US Secretary of State Hillary Clinton has slammed Russia and China as "despicable" for opposing UN action on Syria following a meeting of Western and Arab powers.
At an international conference of the 'Friends of Syria' group of nations, up to 70 delegates gathered to try to find a way to end the bloodshed in Syria.
The world leaders called on President Bashar al Assad to stop the killing of civilians and allow emergency aid into the country.
But the international efforts to resolve the crisis were criticised by Qatar and Saudi Arabia, who want Arab peacekeepers to enter Syria in order to enforce a ceasefire.
Western powers, including Britain and the US, favour a diplomatic approach to put more pressure on the Assad regime, including more economic sanctions.
As the concern over the humanitarian crisis grows, the Red Cross confirmed they, along with the Syrian Red Crescent, had been allowed into the besieged Syrian city of Homs to evacuate several wounded people.
Homs has been under constant bombardment by government forces for three weeks and hundreds of civilians are reported to have been killed.
On Friday aid workers entered the Babr Amr district to help those in need of medical assistance and managed to safely move seven people to a hospital in another part of the city.
It came as Mrs Clinton used strong language to denounce Russia and China for their attitudes toward the crisis in Syria.
The two nations were not in attendance at the Friends of Syria meeting in Tunisia, and earlier this month both voted against a UN resolution condemning the violence.
Speaking after the conference, Mrs Clinton said: "It's quite distressing to see two permanent members of the Security Council using their veto while people are being murdered - women, children, brave young men - houses are being destroyed.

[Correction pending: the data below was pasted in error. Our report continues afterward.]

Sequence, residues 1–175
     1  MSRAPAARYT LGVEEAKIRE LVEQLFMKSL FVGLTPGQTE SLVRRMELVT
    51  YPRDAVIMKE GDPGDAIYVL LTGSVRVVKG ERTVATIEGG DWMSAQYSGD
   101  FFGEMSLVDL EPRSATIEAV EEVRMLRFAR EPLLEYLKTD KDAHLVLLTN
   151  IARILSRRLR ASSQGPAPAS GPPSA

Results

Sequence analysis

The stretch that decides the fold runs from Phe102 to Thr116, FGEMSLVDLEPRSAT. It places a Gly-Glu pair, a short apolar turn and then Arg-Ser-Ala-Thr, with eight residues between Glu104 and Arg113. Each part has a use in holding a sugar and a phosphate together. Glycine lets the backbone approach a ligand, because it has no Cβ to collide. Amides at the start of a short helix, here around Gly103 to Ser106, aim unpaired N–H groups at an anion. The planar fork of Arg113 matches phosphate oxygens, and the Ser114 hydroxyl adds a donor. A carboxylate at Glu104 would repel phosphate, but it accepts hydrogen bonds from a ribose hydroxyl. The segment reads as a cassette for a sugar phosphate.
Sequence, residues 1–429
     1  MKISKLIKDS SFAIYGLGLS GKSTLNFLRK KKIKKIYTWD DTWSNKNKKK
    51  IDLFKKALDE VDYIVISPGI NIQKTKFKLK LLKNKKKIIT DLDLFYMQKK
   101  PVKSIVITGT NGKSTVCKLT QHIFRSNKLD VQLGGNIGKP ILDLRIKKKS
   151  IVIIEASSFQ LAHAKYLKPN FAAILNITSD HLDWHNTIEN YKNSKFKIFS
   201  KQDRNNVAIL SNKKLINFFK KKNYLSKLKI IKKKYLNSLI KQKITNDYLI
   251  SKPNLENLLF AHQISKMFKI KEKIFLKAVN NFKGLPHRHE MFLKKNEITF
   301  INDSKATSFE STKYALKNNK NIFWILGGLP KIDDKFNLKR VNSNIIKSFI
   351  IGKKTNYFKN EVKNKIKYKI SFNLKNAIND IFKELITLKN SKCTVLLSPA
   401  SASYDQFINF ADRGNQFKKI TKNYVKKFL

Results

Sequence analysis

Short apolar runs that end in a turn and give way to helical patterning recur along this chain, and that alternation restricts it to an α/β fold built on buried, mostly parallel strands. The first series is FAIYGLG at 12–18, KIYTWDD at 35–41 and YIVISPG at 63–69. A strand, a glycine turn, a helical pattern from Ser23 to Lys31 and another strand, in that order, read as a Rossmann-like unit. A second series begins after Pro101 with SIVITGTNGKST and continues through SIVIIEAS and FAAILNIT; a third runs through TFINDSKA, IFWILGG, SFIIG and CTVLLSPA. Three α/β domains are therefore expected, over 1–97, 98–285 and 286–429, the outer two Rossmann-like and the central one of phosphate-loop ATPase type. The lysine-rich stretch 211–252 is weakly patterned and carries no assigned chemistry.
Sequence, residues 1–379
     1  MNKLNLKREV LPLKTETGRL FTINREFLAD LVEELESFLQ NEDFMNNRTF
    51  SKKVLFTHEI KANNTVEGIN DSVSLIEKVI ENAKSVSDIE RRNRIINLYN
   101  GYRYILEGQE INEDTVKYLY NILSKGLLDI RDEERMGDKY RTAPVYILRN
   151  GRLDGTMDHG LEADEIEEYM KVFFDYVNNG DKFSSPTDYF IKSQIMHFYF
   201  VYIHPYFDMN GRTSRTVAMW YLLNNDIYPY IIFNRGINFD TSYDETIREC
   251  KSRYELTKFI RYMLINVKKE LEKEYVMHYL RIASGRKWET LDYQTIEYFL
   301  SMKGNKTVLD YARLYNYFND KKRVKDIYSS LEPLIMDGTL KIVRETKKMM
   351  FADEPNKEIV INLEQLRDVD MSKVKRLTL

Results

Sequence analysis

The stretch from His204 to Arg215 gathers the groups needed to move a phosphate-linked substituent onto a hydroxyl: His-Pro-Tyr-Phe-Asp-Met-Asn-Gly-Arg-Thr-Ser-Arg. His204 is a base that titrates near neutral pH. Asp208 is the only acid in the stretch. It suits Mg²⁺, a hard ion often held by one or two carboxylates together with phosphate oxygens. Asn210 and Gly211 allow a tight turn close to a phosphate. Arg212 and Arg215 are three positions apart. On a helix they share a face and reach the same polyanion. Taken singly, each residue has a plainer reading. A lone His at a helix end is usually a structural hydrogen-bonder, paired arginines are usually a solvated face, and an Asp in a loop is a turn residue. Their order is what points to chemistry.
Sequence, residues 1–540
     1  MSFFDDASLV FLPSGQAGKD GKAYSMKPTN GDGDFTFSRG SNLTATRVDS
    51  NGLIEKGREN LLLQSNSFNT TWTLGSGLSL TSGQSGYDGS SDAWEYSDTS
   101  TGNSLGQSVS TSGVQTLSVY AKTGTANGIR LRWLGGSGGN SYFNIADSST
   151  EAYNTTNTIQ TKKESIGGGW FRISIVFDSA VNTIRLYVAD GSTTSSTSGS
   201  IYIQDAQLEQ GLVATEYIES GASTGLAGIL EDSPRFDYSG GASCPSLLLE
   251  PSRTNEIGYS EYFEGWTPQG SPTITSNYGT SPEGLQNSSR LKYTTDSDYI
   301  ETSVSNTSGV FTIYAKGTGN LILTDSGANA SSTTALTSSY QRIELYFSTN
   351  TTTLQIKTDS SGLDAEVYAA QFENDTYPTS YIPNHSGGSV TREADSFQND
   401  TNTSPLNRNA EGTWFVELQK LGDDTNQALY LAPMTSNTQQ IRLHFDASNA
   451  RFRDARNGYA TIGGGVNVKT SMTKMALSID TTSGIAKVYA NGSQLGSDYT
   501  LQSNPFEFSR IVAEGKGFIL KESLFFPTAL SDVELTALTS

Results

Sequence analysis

"It is just despicable and I ask whose side are they on? They are clearly not on the side of the Syrian people."
While Moscow has backed calls for a ceasefire, it has criticised other Western countries for being "one-sided" in its approach.
However, there does appear to be evidence of disagreement over what exactly should be done to stop the killing of Syria's civilians.
Qatar and Saudi Arabia used the Tunis conference to called for an Arab force to impose peace.
Mrs Clinton used her speech to delegates to demand urgent humanitarian aid be allowed into Syria, adding that if the Assad regime did not co-operate, it would have "even more blood on its hands".
Directing her comments at Mr Assad, Mrs Clinton said: "You will pay a heavy cost for ignoring the will of the international community and violating the human rights of your people."
She also called on all nations to block Syrian assets, boycott oil from the country and consider closing embassies and consulates.
She added: "For nations that have already imposed sanctions, we must vigorously enforce them."
But later in the day the Saudi delegation quit the talks over what they called a lack of action, while the Saudi foreign minister even suggested that arming Syria's opposition fighters was an "excellent idea".
As Foreign Secretary William Hague arrived for the talks, he said it was important for Russia and China to no longer oppose the international community - and even suggested Beijing was reviewing its stance.
"I haven't seen that shift in Russia yet," he said. "I think the Chinese government is constantly assessing the position.
"So I hope... immediately they will change their position, but if not that, then they will steadily do so over time."
Mr Hague also said Britain would recognise the Syrian opposition as a "legitimate representative" of the people, and called the government "a criminal regime".
"We will intensify our links with the opposition. We, in common with other nations, will now treat them and recognise them as a legitimate representative of the Syrian people."
Also at the conference, France's foreign minister announced that the European Union would freeze the assets of Syria's central bank next week.
Alain Juppe told delegates the EU was planning on implementing the "strong new measures" in its meeting on Monday.
It is believed more than 7,000 people have now died in the uprisings against President Assad.
The draft conclusion of the meeting demanded that the Syrian authorities facilitate the delivery of emergency aid to areas under siege - including Homs, Deraa and Zabadani.
But the Syrian regime has refused to comply with such calls so far.
Hosting the summit, Tunisian president Moncef Marzouki told Sky News the world can no longer stand by and "watch the massacre" in Syria.
But the Tunisian leader ruled out a military solution, warning that foreign military intervention or arming the opposition could only lead to an escalation of violence.